Financial engineering continues in 2022


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Those who have, continue to do so.

In the case of corporate financial management, those with cash or positive cash flow continue to increase dividends.

Hannah Miao writes in the The Wall Street Journal,

“Dividend payments set a new record high in the second quarter, a reassuring sign for investors who have flocked to stable, income-generating stocks during the market downturn this year.”

“S&P 500 companies paid a record $140.6 billion in dividends in the last quarter…”

“That’s up from $137.6 billion in the first three months of the year and $123.4 billion in the same quarter last year.”

“Annual dividend payouts have hit new highs every year for a decade except for a slight dip in 2020.”

Expectation: New records will be set in the third and fourth quarters of 2022 and a new all-time high will be reached for the year.

Share buybacks continue to rise

Ms. Miao writes that second-quarter redemptions will hit a new high of $286.4 billion.

There could be more variation in share buybacks in the near future as companies are reluctant to withdraw dividends once they have been increased, so the most popular way to vary cash benefits companies for shareholders is to circumvent share buybacks.

Ms. Miao writes that the ratio of redemptions to dividends is currently above the historical average.

In all likelihood, this ratio should fall back to the historical average over the next few quarters.

Thus, with the Federal Reserve tightening monetary policy and the possibility of an economic recession occurring in the near future, share buybacks should decline and dividend growth should moderate.


For now, however, companies will continue to use financial engineering to keep signals to investors as positive as possible.

If companies are increasing dividends and companies are buying back their common stock, the signal is that companies are doing well and generating enough cash to share a good chunk of it with their shareholders.

If corporate cash flows start to suffer, companies will forgo their securities purchases. These companies will resist the dividend cut for as long as they can.

“Dividends are the last thing you cut.”

“You don’t want to tell the world you have a cash flow problem.”

It’s the modern age.

Corporate finance is central to modern business management, and financial engineering is the process used by management to maximize stock prices.

What are we told?

This, for me, carries a message.

The message is that businesses are still remarkably optimistic.

We are told that the corporate world has enough liquidity and cash flow to weather any recession that looms on the horizon and that the recession will be weak enough and short enough for these companies to come out on the other side of the disruption, generating enough cash to continue where they currently are.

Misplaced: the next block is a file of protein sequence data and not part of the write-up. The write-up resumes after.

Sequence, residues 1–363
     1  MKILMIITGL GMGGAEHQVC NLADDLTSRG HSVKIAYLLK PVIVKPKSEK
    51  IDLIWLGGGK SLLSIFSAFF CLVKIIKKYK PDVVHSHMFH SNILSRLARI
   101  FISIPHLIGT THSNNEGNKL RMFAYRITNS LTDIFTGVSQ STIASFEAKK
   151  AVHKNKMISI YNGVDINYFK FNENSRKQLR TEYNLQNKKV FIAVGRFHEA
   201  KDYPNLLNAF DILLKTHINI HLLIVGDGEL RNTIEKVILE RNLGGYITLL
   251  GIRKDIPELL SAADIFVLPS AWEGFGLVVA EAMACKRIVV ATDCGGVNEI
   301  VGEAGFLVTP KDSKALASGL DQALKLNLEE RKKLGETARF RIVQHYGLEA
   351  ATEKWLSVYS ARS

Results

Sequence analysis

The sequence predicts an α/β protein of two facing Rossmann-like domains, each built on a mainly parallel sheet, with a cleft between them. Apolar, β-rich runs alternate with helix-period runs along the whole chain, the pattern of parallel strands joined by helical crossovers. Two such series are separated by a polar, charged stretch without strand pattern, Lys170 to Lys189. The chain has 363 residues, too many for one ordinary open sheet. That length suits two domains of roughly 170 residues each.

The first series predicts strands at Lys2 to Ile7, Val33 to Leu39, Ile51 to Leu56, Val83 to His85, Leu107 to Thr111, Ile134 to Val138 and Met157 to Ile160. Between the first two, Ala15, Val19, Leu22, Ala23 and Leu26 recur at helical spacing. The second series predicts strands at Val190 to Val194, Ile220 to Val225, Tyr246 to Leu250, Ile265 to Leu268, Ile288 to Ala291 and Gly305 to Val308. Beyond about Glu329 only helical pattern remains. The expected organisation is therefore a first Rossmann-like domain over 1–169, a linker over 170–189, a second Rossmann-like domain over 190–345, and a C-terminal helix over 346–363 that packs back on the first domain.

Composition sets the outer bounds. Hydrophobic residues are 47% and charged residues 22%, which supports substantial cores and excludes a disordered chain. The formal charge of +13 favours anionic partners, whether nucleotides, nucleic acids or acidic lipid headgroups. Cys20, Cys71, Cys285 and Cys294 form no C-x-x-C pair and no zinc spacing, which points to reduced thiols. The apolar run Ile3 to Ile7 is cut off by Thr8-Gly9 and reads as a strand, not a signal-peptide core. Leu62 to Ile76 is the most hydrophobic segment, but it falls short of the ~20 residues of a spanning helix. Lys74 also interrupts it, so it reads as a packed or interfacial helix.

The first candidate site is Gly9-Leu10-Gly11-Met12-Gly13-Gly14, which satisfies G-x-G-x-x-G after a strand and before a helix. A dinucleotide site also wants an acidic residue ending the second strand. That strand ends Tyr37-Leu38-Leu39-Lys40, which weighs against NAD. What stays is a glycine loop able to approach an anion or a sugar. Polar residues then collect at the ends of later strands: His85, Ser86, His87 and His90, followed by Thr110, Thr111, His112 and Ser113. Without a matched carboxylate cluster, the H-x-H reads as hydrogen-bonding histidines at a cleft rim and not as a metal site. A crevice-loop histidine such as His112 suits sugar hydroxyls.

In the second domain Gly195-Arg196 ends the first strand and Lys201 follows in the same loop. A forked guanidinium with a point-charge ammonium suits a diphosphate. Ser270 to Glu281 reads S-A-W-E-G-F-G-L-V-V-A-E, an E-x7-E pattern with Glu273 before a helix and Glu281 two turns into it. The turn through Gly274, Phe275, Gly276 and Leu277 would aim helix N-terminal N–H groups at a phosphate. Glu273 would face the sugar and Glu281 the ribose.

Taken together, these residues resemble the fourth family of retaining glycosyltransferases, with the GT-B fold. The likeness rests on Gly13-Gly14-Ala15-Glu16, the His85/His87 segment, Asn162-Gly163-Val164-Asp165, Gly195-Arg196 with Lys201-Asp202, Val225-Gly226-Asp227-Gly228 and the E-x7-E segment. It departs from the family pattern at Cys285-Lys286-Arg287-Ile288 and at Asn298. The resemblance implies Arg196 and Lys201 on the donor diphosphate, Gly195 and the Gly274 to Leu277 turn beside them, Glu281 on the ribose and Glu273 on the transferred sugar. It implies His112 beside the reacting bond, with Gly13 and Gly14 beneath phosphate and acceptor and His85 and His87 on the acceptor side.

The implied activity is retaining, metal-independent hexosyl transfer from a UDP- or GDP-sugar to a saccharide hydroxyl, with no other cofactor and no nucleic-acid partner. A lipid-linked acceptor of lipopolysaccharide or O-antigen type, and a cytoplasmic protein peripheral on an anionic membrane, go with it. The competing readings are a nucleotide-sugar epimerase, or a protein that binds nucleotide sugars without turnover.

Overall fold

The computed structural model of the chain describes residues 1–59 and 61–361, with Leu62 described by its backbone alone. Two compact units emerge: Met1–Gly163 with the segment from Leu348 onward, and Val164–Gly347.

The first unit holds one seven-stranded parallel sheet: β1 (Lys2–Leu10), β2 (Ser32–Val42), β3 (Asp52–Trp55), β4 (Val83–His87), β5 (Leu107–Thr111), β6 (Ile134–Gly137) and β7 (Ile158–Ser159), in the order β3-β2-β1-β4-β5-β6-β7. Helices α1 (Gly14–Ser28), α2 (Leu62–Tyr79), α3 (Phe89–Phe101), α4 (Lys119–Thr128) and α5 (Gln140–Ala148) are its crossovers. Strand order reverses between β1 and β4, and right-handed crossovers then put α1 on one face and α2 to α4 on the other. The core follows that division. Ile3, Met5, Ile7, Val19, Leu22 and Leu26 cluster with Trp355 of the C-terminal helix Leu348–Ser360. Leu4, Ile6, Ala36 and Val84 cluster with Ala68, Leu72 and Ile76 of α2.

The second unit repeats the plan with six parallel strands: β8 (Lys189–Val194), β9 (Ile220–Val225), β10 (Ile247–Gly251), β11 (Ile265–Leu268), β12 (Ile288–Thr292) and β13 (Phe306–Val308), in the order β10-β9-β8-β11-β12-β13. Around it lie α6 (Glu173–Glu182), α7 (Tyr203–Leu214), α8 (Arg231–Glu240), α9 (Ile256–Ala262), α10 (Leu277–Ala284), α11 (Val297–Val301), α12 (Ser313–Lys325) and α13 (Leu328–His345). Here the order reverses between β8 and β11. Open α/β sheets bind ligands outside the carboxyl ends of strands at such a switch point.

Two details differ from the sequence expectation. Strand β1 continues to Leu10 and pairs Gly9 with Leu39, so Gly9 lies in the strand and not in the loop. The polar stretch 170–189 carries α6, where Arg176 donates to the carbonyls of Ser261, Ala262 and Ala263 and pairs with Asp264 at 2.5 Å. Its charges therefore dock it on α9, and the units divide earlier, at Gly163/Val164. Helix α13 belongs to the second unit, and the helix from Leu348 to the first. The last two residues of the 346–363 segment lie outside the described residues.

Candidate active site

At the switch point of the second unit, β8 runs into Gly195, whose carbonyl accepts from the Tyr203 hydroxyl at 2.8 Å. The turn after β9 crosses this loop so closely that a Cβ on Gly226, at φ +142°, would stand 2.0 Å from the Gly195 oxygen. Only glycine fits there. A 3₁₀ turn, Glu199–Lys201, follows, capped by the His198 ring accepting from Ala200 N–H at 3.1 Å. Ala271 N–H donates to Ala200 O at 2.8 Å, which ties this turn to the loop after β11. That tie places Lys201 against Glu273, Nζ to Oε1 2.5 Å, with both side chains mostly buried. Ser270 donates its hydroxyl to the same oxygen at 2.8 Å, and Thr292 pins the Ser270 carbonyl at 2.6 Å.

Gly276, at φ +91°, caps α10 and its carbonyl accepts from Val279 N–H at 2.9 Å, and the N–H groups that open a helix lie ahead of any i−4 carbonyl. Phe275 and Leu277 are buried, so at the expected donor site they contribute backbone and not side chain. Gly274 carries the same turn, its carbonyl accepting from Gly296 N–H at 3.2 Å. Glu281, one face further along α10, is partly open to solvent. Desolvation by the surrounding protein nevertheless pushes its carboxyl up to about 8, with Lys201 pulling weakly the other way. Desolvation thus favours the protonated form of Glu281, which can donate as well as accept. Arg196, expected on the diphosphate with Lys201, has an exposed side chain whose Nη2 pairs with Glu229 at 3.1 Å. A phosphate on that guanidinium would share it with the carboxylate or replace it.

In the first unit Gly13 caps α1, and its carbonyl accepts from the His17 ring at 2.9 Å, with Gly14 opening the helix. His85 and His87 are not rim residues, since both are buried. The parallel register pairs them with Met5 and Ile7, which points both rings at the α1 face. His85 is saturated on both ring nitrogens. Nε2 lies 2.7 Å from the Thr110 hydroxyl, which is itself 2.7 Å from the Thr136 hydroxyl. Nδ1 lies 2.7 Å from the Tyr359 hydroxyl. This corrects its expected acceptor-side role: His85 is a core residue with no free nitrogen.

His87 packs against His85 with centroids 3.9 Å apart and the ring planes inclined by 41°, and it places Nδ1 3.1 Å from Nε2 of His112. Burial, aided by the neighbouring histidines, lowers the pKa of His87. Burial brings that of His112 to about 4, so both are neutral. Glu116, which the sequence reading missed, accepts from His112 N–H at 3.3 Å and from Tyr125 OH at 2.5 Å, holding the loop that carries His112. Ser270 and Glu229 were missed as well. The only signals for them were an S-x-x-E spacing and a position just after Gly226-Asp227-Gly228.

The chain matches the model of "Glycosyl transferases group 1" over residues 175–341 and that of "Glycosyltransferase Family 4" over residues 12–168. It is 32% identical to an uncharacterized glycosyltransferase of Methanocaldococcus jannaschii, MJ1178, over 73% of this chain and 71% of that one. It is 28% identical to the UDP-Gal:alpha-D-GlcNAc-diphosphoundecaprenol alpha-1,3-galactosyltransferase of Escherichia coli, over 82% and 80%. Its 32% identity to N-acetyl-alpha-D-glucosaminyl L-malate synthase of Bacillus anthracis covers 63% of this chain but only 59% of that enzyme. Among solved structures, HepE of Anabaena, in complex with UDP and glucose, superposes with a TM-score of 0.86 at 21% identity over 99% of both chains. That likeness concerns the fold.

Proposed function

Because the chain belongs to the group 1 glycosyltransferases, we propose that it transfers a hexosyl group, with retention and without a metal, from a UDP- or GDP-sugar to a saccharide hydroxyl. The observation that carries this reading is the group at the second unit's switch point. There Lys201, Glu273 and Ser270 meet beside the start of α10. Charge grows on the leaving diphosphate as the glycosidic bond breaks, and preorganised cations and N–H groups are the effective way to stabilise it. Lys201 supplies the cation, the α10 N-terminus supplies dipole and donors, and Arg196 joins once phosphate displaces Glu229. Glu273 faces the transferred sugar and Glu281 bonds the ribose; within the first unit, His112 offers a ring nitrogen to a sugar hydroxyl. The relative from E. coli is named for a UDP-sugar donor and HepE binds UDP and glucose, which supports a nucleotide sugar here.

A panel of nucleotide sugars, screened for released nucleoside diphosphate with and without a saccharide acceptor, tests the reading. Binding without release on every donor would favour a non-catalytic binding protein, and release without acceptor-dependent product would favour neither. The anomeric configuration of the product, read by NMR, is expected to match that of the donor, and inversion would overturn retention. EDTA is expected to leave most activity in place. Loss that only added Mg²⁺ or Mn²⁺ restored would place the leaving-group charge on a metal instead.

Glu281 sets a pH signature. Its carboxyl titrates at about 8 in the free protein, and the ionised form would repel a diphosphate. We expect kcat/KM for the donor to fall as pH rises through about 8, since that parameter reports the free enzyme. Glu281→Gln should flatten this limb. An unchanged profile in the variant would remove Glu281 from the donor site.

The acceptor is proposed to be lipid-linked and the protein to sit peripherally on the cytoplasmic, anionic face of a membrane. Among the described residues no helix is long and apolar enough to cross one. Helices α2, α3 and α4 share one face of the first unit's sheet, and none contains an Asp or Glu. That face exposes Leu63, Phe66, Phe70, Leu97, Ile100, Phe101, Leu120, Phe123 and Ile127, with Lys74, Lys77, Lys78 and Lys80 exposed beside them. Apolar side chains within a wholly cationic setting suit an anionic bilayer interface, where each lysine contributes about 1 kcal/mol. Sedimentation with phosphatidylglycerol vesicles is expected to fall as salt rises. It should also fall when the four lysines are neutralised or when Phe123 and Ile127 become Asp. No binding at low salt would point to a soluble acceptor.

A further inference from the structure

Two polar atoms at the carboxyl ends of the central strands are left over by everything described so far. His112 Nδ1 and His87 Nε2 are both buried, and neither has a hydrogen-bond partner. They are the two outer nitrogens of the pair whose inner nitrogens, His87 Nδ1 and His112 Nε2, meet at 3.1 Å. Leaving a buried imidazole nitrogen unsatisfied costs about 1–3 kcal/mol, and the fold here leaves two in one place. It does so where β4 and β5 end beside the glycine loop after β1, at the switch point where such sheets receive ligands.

In other words, to me, these companies are signaling that any recession on the horizon should be relatively short-lived and relatively minor in depth.

These expectations appear to be consistent with many other signals being produced in financial markets today.

I just touched on this point in another post.

In this article, I pointed out that current market expectations in many areas appear to be consistent with forecasts. now used by the Federal Reserve system.

That is, the Federal Open Market Committee, the governing body of the Federal Reserve, appears to be working on a forecast that any economic downturn in the future will be modest and not very deep at all.

So right now that seems to be where a lot of investors are, and that world picture dominates why the markets are behaving the way they are.


However, there is still a lot of uncertainty in the world. This uncertainty is the underlying cause of why there is so much volatility in financial markets these days.

I have gone so far as to say that we really are in a period of radical uncertainty, a situation in which we cannot truly identify all the possible paths the future might take.

And, if we can’t identify all the possible paths the economy may take, we are forced to step back and work with vague narratives of what the future might be.

But, such a condition means that we have to err on the side of caution and we have to keep a close eye on what is happening in the markets and in the economy. In practice, this means that we tend to stick to “modest” projections of the future with the idea that we will adjust our portfolios “gradually” as new information comes to us.

This is one reason why investors might stick with projections like those produced by the Federal Reserve rather than jumping too drastically into other possible narratives of the future.

However, it is a reason for the argument that the Federal Reserve’s projections will be wrong and we need to be prepared for what might be in store for us.

Corporate Financial Engineering

So, for the time being, companies will continue their financial engineering. This will help maintain the confidence of the investment community, even in the face of the “not so good” news that is coming.

If the Fed’s projections turn out to be correct, companies will be hailed for maintaining their corporate buyouts, maintaining their higher dividend payouts and weathering the economic disruption. .

If the Fed’s projections don’t turn out to be correct, well, companies will just have to move on and reduce the amount of stock buybacks they make and keep dividends at current levels. .

These companies will then work from a new narrative.

This is what financial engineering is for.


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